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Could Lidl’s new charcoal barbecue be a bargain worth buying?

We loaded up the new Lidl Ventilated Charcoal Barbecue and set it ablaze to see whether it can give you smoky BBQ food oozing with chargrilled flavour

Could Lidl’s new charcoal barbecue be a bargain worth buying?

Spring is upon us, and soon the sunshine will inspire barbecue lovers to whip out their grills and cook up a range of sizzling delights.

If you’re looking for a budget barbecue, Lidl could have the answer. The new Lidl Ventilated Charcoal Barbecue hits the shelves on 26 March 2020 at the price of £39.99, and with its long list of features you get a lot for how little you pay.

It’s a large but portable, tabletop barbecue with a smooth matte-black outer shell and a battery-powered ventilator at its base for adjusting the airflow to your burning coals.

Underneath the grill, there’s a wide steel basin you can fill with water to collect fat drips, and it also comes with a steel charcoal chimney to make placing and lighting up your fuel that little bit easier.

So is it worth buying? We got our hands on Lidl’s charcoal barbie to give it a go and gauge our first impressions. Read our full first look review of the Lidl Ventilated Charcoal Barbecue to see what we thought.

How a ventilated barbecue can help you cook

The ventilator on Lidl’s barbecue has a dial at the front which lets you manually adjust how much air is fed to the coals while they burn.

The more oxygen that reaches the coals, the faster and hotter they burn – so vents are a useful feature for shortening or lengthening the time it takes for the coals to burn through and be ready for cooking.

Burning the coals faster might seem like an obvious choice, but it can also cause them to break down and burn out quicker, so you’ll be able to cook sooner but will likely have less time to cook overall.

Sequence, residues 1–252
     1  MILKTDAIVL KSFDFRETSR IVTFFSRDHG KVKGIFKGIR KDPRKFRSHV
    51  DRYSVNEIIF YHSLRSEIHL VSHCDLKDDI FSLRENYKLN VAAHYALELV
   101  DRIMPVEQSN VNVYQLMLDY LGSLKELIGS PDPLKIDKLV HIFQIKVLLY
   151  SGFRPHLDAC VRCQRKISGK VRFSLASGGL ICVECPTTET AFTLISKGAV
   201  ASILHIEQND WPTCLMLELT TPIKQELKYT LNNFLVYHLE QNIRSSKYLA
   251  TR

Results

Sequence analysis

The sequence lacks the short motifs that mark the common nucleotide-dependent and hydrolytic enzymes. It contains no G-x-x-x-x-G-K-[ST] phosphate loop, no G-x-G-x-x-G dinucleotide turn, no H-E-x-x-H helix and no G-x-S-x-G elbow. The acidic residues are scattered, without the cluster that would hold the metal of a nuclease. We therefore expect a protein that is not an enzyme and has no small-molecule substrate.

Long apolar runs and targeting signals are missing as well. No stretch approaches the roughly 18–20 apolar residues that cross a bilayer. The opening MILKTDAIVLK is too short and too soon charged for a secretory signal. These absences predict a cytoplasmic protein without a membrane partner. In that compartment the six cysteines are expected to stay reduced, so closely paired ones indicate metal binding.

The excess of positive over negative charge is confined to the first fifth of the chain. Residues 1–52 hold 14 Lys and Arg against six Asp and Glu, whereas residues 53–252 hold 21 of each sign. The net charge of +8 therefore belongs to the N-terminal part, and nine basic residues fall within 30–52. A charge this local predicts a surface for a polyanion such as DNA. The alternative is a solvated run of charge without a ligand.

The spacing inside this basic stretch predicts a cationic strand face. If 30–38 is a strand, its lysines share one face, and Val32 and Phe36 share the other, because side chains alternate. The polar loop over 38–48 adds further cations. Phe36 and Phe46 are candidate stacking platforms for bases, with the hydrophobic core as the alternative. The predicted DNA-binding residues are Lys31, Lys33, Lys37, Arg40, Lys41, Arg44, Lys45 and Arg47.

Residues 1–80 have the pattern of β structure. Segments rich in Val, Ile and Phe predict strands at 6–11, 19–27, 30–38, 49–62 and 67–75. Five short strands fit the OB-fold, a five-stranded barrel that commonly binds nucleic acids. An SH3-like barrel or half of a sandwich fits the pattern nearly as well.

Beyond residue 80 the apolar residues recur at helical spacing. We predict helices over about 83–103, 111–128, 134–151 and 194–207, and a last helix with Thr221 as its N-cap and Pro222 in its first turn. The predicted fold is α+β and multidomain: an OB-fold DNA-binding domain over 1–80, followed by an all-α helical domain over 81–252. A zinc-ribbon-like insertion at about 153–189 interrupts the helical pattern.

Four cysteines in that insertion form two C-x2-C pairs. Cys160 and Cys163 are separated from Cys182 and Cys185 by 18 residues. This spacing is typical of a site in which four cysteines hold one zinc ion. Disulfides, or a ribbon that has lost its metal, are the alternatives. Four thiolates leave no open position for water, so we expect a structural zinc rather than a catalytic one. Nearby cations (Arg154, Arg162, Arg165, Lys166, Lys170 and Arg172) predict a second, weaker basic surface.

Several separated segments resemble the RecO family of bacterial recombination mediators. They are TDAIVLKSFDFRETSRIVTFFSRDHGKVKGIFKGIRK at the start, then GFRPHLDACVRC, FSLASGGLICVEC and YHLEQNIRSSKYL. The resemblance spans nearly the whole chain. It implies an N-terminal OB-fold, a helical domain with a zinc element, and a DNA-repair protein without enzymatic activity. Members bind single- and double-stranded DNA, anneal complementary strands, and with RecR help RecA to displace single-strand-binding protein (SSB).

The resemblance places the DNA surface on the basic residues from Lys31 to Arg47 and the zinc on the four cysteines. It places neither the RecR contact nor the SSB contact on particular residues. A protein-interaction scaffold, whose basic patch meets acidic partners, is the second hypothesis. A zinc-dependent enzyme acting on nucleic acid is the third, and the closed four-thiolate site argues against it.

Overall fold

The vents you’ll find on most charcoal barbecues are quite simplistic, and simply open or close to allow or prevent air from accessing the coals.

But the kind of battery-powered ventilator in this Lidl barbecue lets you adjust the levels much more precisely. This means the ventilator dial can act as a temperature control for the barbecue during cooking, as turning up the ventilator dial will make the coals burn hotter.

If you’re keen to have total control over cooking temperature, you might be better off buying a gas barbecue. Our top five best gas barbecues guide will help you pick out a grill worth investing in.

Is a charcoal chimney a worthwhile barbecue accessory?

Lidl’s new barbecue also comes with a chimney for your coals, which is essentially a steel case filled with holes that you put your coals into before setting them ablaze.

Barbecue chimneys can be bought separately and used with any charcoal barbecue – sometimes for less than £15 – and are a handy tool for getting your coals going quickly.

Chimneys are another feature used for avoiding trouble when lighting the coals, and for getting the barbecue up to cooking temperature quickly. Stacking them up in the chimney allows plenty of oxygen to reach the coals and help them burn through.

Using a chimney will make the coals burn quickly and evenly, and most chimneys are designed to be opened and removed after the coals are burned through so you can spread the coals out in the drum and broaden your cooking area.

However, this is not the case with Lidl’s barbecue. The chimney is surrounded by the water-filled fat drip collector, and so it is not designed to be removed once the coals have burned through.

This might make the cooking area restricted, but it could be a worthy trade-off if it means you get the barbecue up to cooking temperature quicker.

When we test barbecues, we take into account how long they take to reach cooking temperature. Check out our Best Buy barbecues to make sure you buy one that won’t keep you waiting around with your stomach grumbling.

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